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Feeding our cars with corn will cost us 19 years of increased greenhouse emission

To take the step, or leap, perhaps, from using conventional fossil fuels for our vehicles to instead run them on biofuels, such as corn-based bioethanol, we need to face a reality with more impact from greenhouse emissions, for an average time period globally of 19 years. Then it only gets better, according to Pieter Elshout, PhD at Radboud University.

Finding alternative fuels is only one of all the intriguing challenges we’re facing today, all for the benefits of a planetary environment that have been beaten up in equally many ways by – ourselves. Cleaning up our mess shouldn’t be rocket science, but unfortunately we are too clever for our own, and the planet’s, good many times. The results have caused numerous new efforts in the scientist world to see the light of the day, such as attempting to find enough produce to harvest to feed the need for us to drive cars, trucks, motorbikes and boats.

While calculating, among other things, how much land and crops we need to use for biofuels, Elshout and his colleagues at RU have been able to see clearly that using natural areas for growing biofuel crops will have a negative impact on the levels of greenhouse emissions, and the effects vary depending on where in the world the crops are grown. The quickest return occurs around the mediterreanean latitudes, with a slower growth in the tropical belt and also the closer we get to colder areas of the globe.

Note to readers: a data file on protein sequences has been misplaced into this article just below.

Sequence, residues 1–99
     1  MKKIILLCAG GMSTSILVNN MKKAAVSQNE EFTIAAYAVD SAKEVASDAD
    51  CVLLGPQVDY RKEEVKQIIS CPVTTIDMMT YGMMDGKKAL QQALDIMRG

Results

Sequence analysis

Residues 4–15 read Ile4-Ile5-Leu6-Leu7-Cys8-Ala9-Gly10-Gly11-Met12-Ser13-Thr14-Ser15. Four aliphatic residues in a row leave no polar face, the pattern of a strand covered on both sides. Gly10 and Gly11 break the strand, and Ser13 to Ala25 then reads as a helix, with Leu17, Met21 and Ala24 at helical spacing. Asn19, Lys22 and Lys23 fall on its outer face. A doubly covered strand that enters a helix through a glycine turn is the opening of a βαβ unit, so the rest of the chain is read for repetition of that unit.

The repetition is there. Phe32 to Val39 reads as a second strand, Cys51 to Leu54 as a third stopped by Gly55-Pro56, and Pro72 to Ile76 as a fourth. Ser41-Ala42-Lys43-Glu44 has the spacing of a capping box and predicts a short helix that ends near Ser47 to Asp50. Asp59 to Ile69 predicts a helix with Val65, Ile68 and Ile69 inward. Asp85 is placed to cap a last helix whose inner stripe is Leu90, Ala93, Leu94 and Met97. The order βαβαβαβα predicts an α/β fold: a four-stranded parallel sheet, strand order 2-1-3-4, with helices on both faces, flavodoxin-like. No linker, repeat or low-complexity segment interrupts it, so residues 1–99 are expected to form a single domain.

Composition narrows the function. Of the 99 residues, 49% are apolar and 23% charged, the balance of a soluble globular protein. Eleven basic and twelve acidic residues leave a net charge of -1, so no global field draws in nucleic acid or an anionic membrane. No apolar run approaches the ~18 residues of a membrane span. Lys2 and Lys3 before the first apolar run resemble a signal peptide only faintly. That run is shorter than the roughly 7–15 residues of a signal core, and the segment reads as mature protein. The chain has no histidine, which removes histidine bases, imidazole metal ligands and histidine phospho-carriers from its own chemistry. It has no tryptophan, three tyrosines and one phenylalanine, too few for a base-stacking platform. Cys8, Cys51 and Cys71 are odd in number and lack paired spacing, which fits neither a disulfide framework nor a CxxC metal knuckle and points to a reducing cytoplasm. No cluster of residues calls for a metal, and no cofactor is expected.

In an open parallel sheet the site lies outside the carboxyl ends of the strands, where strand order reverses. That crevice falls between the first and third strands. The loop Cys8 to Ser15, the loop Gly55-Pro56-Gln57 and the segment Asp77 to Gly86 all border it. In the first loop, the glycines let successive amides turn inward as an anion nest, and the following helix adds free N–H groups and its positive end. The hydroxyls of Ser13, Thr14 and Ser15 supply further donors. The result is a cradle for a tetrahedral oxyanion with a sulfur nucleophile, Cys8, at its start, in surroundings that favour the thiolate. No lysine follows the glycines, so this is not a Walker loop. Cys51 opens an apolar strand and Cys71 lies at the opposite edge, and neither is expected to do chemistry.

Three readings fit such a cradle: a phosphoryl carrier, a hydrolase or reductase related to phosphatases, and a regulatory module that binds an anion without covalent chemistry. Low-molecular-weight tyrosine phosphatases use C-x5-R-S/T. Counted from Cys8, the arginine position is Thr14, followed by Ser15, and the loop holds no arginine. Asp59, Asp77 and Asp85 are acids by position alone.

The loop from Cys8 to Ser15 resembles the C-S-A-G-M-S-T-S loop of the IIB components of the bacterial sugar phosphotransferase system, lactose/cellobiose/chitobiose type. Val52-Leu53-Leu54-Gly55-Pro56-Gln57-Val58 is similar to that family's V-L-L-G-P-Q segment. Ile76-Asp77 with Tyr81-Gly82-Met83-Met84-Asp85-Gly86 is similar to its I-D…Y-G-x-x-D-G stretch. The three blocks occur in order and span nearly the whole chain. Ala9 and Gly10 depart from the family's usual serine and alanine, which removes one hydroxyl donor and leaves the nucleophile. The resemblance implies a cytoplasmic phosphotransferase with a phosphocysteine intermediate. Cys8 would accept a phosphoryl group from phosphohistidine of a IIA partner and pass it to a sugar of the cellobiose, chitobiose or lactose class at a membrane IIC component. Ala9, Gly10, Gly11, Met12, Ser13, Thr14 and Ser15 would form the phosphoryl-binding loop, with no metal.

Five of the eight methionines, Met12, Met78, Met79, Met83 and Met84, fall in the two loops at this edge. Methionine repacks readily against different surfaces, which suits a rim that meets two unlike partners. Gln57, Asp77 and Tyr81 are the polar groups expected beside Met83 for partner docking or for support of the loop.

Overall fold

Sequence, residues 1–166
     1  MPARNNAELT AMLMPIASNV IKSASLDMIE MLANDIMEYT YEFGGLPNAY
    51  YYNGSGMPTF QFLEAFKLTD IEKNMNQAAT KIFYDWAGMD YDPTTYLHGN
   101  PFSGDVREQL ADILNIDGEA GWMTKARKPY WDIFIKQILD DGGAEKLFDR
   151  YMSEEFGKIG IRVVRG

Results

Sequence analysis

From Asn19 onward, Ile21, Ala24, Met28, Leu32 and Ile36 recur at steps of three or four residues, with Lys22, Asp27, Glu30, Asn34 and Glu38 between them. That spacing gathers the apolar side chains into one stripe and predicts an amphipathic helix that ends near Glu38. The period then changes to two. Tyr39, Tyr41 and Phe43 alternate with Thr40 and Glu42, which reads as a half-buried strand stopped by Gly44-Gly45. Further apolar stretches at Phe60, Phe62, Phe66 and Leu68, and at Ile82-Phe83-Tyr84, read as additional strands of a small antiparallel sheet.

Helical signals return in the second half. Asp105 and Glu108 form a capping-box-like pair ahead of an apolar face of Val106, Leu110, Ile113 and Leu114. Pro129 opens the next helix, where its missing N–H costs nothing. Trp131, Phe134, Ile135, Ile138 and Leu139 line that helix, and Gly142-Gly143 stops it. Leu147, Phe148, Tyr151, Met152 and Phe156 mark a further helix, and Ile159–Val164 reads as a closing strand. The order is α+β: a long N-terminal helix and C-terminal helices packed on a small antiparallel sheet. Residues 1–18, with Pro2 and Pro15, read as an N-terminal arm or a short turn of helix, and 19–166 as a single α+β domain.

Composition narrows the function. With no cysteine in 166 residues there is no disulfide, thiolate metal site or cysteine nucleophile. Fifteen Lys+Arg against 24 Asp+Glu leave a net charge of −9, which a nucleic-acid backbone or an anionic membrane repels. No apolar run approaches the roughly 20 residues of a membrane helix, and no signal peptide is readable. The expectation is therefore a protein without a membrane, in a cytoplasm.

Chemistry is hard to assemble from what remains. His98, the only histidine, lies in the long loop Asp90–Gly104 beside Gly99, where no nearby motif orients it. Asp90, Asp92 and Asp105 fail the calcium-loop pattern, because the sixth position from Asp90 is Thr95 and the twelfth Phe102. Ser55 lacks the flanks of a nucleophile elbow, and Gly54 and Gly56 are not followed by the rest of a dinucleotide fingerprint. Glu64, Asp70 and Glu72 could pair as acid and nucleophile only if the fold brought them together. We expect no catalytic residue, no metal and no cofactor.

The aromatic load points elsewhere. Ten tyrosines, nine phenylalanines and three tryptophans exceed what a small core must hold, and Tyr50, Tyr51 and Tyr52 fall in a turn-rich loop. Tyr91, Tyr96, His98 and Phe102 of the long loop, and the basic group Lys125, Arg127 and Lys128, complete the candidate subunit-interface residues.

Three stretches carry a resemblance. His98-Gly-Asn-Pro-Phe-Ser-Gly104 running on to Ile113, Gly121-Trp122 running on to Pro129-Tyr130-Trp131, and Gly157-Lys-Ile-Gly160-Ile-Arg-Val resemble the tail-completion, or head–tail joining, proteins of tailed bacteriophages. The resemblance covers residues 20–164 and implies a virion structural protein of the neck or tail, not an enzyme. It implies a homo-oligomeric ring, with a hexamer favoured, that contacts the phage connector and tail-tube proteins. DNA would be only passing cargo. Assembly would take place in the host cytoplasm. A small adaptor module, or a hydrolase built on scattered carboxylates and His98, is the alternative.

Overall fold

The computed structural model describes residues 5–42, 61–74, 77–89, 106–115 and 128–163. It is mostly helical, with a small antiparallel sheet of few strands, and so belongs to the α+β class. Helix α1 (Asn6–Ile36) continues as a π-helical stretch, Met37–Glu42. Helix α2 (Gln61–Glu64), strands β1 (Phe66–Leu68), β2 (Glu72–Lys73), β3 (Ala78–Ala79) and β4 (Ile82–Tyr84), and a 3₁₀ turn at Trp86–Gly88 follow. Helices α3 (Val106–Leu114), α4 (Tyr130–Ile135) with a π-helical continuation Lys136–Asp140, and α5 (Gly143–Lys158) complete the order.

Elshout explains the complexity range of their predictions: “In developing this model, our calculations of the durations of payback times took account of the entire production chain for fossil fuels and biofuels with the accompanying greenhouse emissions.”

The environmental scientists have included biofuels based on corn, wheat, sugar canes, soybeans and rapeseed in their studies, and while the 19 years is an average number for the entire planet, it may take as long as 500 years or more to reach a level of decreasing greenhouse emissions in countries like Norway, Scotland or in the outer parts of Alaska. On the other hand, it will only take a handful of years to recover the emission levels in numerous other regions.

It’s also an act of balance to choose between farms that use more greenhouse emitting methods to grow their crops (intensive farming), compared to greener alternatives where the farmers go about with methods that give lower yields, but cost less emissions (extensive farming), although the conclusion is that the location of the crops outweighs both the type of crops grown, as well as the type of crop management.

Image: Garry Knight